The first stage involves mornings when I awaken to the sound of pencil on paper, scribbling furiously. I see my writer intently pouring her soul into a small notebook. When I venture a question… “Honey, when do you think…?” I am greeted by a “Shhh, not now.”
If the muses have been kind, these mornings may involve an hour of ecstatic outpouring, rarely more. The activity sometimes comes in fits and starts, but often seems to most resemble the gush of a firehose from brain to paper. At times, there is transfer of notes to computer with smiles and giggles abounding. It seems that a writer truly enjoys this part of writing. But alas, with the dawning of the morning and the patter of size three feet, the muses are dispersed and the process comes to an abrupt halt.
The second stage of writing resembles sorting and folding laundry more than anything else. On these mornings, my writer goes to her office with her book map and sorts scenes and chapters instead of towels and socks. Here the disconnected ideas and anecdotes get molded by my writer into a coherent and compelling narrative. While something vital is getting done, it is considerably less fun for my writer. I see more mornings of furrowed brows and fewer of smiling and giggling.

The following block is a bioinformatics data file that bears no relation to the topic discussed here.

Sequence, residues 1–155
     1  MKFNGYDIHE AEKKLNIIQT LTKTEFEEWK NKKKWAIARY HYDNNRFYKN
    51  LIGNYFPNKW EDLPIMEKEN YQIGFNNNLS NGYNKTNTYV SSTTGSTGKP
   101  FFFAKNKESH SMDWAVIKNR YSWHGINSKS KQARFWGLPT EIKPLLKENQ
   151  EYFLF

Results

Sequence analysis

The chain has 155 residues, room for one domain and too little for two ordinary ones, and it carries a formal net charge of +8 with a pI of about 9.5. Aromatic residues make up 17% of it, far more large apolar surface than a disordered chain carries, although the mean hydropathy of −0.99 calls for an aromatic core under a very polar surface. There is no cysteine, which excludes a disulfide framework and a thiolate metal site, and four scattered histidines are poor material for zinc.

The third stage of writing seems to be the least fun. I don’t recall having ever seen tears in the process, but they have certainly been warranted. Here my writer smooths the superfluous details and jagged edges; the unnecessary adverbs are speedily deleted and adeptly replaced. My writer has her axe: she takes her whet stone and sharpens and refines to make every word count, to make every phrase smooth, to make every paragraph a vital component of the story. Here the true poetry takes place. This is also the place where the fun and creativity of the project (for before this stage, a novel is really only a project) are transformed into something marvelous.
A prolific finance colleague of mine was once asked how he is so productive. His response was simple: “I am a good finisher.” It takes a good finisher to get through the third stage. The third stage of the writing process makes you want to pull your hair out. It may lead you to despair. But this is also the stage where you get to tell the world your story in your way. This is where you make the magic.
So, my writer, keep on.  Make your magic.